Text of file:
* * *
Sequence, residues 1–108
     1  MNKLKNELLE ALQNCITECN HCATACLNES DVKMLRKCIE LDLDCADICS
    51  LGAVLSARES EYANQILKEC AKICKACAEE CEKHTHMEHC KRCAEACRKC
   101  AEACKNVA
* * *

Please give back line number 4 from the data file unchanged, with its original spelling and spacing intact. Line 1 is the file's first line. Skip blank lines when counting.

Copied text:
   101  AEACKNVA